In Wizball the player takes the role of the friendly wizard Wiz who can turn himself into a green ball that is able to defend his world against the color-sucking enemies who have turned his once brightly colored Wizworld into a drab planet. With his trusty feline companion Catelite, the wizard will restore the colors to the world by retrieving them from defeated enemies. There are eight levels to be completed.
The player starts out as a bouncing green ball that can shoot and be put into more or less heavy rotation to move slowly or faster, physically correct through the side-scrolling levels. The first task is to upgrade the ball by shooting the first non-moving enemies, and collect the green bubbles that are left by them. In order to stand a chance against the following moving enemy waves, some upgrades are a must. First and foremost, complete control over the ball should be activated (i.e. flying through the levels), a shield sheltering the top and bottom of the player's should be acquired, and two-way fire (left/right) should be obtained.
But the extra needed to advance in Wizball is your friend Catelite who will, once summoned, take the form of a small green satellite that will imitate the ball's movement, or can be directly controlled by the player. Besides upping Wiz' fire power, Catelite is able to collect paint drops left by a certain kind of defeated enemies until the respective color pot is filled up. There's three colors available (red, green and blue), and several different combinations of them must be collected to complete a level and restore it to former colorfulness. Every color combination collected will send Wiz to a bonus stage, then to his laboratory where one of the power-ups can be made permanently.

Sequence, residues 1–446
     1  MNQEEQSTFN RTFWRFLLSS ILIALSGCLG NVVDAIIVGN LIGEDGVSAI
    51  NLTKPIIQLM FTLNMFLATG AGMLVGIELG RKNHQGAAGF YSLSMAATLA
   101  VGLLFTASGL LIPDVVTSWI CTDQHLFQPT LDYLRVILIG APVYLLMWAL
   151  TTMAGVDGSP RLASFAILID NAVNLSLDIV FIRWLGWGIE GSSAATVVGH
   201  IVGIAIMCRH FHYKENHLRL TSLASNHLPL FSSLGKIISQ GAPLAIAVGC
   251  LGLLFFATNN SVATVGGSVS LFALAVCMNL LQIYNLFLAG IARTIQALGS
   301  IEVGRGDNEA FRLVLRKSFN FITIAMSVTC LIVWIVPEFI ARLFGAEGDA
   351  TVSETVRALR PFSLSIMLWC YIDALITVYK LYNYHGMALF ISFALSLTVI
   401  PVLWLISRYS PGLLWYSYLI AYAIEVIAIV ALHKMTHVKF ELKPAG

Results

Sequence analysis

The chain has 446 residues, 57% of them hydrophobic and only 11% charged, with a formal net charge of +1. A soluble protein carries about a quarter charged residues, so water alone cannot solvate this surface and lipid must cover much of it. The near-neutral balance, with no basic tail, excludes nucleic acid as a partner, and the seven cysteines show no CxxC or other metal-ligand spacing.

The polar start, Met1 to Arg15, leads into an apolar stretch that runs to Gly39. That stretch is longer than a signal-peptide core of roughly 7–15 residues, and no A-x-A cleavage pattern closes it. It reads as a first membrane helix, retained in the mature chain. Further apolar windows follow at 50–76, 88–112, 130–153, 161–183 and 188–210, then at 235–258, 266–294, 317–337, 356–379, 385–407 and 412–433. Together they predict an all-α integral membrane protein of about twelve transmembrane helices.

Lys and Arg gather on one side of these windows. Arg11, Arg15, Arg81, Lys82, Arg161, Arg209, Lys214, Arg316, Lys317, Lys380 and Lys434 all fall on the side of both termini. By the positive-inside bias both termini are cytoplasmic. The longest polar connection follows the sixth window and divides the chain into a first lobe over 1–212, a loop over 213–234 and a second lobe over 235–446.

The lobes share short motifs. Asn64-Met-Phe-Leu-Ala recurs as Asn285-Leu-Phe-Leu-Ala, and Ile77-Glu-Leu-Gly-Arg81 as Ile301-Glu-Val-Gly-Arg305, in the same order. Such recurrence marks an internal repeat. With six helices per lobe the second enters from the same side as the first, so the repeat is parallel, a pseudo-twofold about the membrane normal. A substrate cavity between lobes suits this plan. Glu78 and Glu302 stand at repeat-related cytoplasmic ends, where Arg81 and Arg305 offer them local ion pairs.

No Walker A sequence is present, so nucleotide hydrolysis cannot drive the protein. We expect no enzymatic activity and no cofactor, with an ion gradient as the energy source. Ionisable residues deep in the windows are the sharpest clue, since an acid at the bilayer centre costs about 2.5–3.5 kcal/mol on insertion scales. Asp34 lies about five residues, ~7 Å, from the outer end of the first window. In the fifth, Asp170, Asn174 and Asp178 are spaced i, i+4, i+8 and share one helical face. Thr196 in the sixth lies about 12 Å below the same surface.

The game also features a bunch of multi-player modes, there's even a two-player cooperative mode amongst them.
100/100 ! Sinclair User (Oct, 1987)
Wizball is virtually flawless. It's addictive qualities, combined with super smooth graphics and highly original gameplay make it one of the very best games to appear this year. A classic.
92/100 Crash! (Oct, 1987)
Wizball is a classic. The graphics are brilliant, despite some colour clash, and sound is excellent on the 128s (but a bit limited on the 48s). At first the bouncing is difficult to control — but once it’s mastered and you’ve picked up a few of the right icons, Wizball becomes one of the best shoot-’em-ups I’ve played for ages. It’s so polished it shines!
George, Lizzy and Ralph were just ordinary Americans, until an experiment went wrong, turning them into a Gorilla, Lizard and Werewolf respectively. Following this, the three of them plan to go round destroying buildings, and up to 3 human players can join in.
Smashing at the edges of the buildings for long enough will make them collapse. The police and military are after you, and will shoot at you, so try to destroy them (failing that, you can avoid the bullets). You will need to eat regularly, with things like plants on offer, to avoid shrinking back to being human.
90/100 Computer and Video Games (CVG) (Jan, 1988)
Overall, Rampage is a fun game - if you're a fan of the coin op then you won't be disappointed by the C64 version at least!
89/100 ACE (Advanced Computer Entertainment) (Feb, 1988)
The monsters are well animated and colourful, and the buildings have plenty of detail. The title music and sound effects are also slick and attractive. Initially control can be tricky and it's quite difficult to survive for long when playing a one player game. A classy conversion.
Commodore User (Jan, 1988)
Rampage fans are not going to be disappointed with this one. Sure it lacks a bit of graphical polish but all of the essential game play elements that made the Bally Midway game the smash that it was in the arcades are here to play on your 64. Good fun and definitely one of the games I'll be playing on Boxing Day and long after.
We also have lots of vintage computer games in our store.
We have many vintage Atari Computer items in our store.